LAUREN MILLS (b. 1957), Dryad, 2011, bronze, 17 x 14 x 16 in., Marshall
(Scottsdale) and White Square Fine Books & Art (Easthampton, MA)
LAUREN MILLS (b. 1957) ) expresses her creativity in many ways, most visibly as a writer and illustrator of children’s books and novels, but also as a sculptor, painter, and draftsman. In all of these forms, she seeks to make something “beautiful, to elicit compassion, or to lift the spirit.” Mills grew up drawing in Connecticut, Oregon, and Minnesota, then earned her B.F.A. in drawing and painting from the University of California at Santa Barbara. Book illustration intrigued her, so she took an M.A. in that specialty at San Jose State University, where she met her husband, the illustrator Dennis Nolan. They have collaborated on several projects, most notably their daughter Genevieve, and now live in western Massachusetts. When the girl was born, Mills was enjoying success painting small, detailed illustrations for fairy tales, but Genevieve’s arrival inspired her to begin sculpting doll heads in oven-baked clay. Her husband suggested she study sculpture at Connecticut’s Lyme Academy College of Fine Arts, where she proceeded to spend two years doing so with its founder, Elizabeth Gordon Chandler, and with Don Gale. Alas, Mills had many book contracts to fulﬁll, but she resumed sculpting several years later, again at Lyme with Don Gale and Pablo Eduardo. Inspired by traditional atelier methods, she next studied drawing and painting at New York City’s Grand Central Atelier and California’s Bay Area Classical Art Atelier, as well as egg tempera painting in both Europe and the U.S.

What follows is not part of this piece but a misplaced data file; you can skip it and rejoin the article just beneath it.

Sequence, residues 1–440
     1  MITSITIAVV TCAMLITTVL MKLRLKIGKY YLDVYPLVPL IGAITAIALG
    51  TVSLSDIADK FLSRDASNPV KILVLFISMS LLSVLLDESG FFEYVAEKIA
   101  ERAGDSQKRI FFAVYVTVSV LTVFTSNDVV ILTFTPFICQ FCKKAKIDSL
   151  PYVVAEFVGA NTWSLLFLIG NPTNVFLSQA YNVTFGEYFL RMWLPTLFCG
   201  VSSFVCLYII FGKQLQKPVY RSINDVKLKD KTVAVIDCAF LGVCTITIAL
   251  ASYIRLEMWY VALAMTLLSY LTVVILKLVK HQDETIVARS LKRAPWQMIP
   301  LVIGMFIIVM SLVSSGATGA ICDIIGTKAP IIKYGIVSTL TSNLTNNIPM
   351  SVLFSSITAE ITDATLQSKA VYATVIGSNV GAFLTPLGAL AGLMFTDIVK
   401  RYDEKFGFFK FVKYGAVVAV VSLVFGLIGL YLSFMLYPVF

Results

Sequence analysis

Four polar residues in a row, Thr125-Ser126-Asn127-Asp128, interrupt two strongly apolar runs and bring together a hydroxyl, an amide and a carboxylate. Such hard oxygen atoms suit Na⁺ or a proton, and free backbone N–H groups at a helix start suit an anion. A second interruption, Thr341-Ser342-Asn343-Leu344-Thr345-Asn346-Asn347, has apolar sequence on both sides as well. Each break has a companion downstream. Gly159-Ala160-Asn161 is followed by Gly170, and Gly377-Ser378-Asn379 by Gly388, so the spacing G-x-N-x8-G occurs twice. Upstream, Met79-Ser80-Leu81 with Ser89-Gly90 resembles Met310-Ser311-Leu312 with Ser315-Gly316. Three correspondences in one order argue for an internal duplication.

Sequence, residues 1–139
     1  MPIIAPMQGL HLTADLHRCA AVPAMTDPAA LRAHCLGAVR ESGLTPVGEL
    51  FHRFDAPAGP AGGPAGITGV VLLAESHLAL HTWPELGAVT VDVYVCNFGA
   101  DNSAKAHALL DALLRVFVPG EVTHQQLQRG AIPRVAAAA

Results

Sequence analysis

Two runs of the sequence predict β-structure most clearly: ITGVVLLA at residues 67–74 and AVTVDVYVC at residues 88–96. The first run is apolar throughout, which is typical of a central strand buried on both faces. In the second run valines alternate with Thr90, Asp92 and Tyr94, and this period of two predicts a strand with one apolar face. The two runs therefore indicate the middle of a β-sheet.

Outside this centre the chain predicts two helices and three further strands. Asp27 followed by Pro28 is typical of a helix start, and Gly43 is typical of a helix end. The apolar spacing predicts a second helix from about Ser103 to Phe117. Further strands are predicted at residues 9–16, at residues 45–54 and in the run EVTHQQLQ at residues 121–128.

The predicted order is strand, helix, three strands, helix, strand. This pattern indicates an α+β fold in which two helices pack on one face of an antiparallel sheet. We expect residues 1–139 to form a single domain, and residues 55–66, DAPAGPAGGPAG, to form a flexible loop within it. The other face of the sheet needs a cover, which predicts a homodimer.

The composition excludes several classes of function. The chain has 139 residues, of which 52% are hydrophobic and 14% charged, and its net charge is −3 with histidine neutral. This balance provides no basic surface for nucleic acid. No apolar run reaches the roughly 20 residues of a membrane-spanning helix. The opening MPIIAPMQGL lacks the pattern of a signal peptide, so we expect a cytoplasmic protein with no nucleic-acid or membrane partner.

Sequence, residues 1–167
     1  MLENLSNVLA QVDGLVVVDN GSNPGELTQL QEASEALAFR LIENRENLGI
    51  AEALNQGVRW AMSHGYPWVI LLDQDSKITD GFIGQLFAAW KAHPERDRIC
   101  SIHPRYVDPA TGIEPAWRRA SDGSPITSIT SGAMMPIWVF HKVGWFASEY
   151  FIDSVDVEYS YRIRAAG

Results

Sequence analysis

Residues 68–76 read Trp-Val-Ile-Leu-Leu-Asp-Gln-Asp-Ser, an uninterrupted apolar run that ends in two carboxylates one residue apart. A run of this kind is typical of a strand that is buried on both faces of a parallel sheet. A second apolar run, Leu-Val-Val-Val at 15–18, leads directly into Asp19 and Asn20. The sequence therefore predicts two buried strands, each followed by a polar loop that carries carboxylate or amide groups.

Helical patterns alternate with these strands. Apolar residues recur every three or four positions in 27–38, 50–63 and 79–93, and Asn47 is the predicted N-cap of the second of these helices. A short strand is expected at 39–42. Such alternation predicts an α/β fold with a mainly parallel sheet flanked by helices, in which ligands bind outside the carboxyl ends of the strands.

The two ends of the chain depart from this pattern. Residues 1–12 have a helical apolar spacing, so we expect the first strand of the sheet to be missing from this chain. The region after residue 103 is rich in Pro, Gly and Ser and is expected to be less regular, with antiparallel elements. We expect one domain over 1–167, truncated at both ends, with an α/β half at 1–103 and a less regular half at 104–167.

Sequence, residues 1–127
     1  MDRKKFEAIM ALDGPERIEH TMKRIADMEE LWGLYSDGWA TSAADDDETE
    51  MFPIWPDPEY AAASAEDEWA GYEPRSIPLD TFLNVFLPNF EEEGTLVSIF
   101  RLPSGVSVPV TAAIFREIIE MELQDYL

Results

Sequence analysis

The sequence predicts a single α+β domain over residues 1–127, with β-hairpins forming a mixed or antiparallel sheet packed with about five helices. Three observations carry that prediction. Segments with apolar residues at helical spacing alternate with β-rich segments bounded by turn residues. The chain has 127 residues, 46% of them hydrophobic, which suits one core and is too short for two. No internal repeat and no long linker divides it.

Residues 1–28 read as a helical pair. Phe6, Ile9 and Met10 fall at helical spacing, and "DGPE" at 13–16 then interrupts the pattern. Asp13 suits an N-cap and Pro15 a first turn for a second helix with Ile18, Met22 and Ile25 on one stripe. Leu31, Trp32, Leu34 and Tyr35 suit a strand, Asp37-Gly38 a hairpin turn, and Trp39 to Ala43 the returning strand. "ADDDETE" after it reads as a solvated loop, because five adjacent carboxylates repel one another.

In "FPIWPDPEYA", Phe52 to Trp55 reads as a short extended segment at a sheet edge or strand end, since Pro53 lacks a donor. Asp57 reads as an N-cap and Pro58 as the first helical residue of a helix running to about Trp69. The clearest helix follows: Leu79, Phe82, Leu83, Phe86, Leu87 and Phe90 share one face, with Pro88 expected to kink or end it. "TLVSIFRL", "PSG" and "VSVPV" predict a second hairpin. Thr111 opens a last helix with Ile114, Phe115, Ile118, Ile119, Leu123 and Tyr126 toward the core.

Aesthetically, Mills has long admired 19th-century Romantic art, especially the Pre-Raphaelites and Symbolists for their focus on the mysterious, interconnecting wonders of nature, myth, and legend. The ethereal, foggy visions of the English book illustrator Arthur Rackham (1867–1939) particularly spring to mind while admiring her whimsical, delicately drawn fairies and other ﬁgures. Not surprisingly, the drawings that Mills makes as separate works of art — in graphite or charcoal — are superb, and she has also mastered the sculpting of life-size portrait heads, be they idealized women, wrinkled elderly people, or even President Barack Obama. Returning to her roots in sculpture, she is now ﬁnishing a life-size sleeping infant. In the idyllic composition illustrated here, Mills has depicted a “young naked tree spirit lamenting the passing of her protective home, the oak. I used the interwoven roots of the tree to visually echo her crossed legs, making her one with the tree.... portraying the interconnectedness and oneness of living beings.” Mills is represented by Chemers Gallery (Tustin, CA), which focuses on her two-dimensional artworks; the Charleston and Birmingham (Alabama) locations of Grand Bohemian Gallery; Scottsdale’s Marshall Gallery of Fine Art; and White Square Fine Books & Art (Easthampton, MA).
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